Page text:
Volume 37, Issue 1
  • ISSN: 0002-9637
  • E-ISSN: 1476-1645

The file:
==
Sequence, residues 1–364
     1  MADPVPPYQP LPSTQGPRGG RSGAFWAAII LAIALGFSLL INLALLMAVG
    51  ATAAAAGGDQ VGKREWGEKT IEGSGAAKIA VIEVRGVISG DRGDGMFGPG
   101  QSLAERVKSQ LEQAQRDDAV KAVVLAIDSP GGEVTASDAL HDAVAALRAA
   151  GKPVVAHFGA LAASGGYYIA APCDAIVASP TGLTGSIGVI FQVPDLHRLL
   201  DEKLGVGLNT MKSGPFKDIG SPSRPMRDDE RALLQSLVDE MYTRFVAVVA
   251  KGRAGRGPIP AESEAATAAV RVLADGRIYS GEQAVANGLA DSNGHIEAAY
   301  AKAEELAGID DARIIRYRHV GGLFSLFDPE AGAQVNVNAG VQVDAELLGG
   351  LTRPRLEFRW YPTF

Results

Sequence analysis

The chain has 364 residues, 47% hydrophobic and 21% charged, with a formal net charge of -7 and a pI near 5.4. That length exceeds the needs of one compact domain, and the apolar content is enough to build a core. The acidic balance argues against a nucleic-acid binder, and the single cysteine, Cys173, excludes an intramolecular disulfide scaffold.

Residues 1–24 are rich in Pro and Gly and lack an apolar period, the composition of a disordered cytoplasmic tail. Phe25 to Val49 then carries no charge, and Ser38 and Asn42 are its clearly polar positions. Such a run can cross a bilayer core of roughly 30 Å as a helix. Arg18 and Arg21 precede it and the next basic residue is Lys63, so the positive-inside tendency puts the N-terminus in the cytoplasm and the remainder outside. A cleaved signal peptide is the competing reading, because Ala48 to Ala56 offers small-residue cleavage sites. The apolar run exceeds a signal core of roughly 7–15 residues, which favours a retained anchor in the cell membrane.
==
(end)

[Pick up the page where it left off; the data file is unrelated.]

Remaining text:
Upon exposure to antigen, lymphocytes from patients treated for amebic liver abscess produce lymphokines which activate monocyte-derived macrophages to kill trophozoites. We now demonstrate that gamma interferon (IFN-γ) is produced by these stimulated lymphocytes and is sufficient but not exclusively necessary to activate monocyte-derived macrophage amebicidal activity. Supernatants from mononuclear cells of 7 patients when stimulated with amebic antigen contained more IFN-γ than comparable supernatants derived from control cells (1,862 U/ml vs. 174 U/ml geometric means, < 0.01); IFN-γ levels were similar in patient and control supernatants following concanavalin A stimulation. Macrophages activated solely by partially purified IFN-γ or recombinant human IFN-γ (300 U/ml) killed 47% of virulent amebae by 6 hr at 37°C. Monocyte-derived macrophages stimulated with lymphokines elicited by amebic antigen or concanavalin A killed 48% and 57% of axenic trophozoites, respectively, over 6 hr at 37°C ( < 0.001 for each compared to control). Macrophages incubated with the identical lymphokines, but in the presence of monoclonal antibody to IFN-γ, were only able to kill 18% and 27% of amebae, respectively, at 6 hr ( < 0.05 to control or when antibody to IFN-γ was not present). If antibody to IFN-γ was added to the stimulating lymphokine, more macrophages died during interaction with amebae ( < 0.05). In summary, IFN-γ has a major but not exclusive role in activating human monocyte-derived macrophages in vitro to kill virulent trophozoites.


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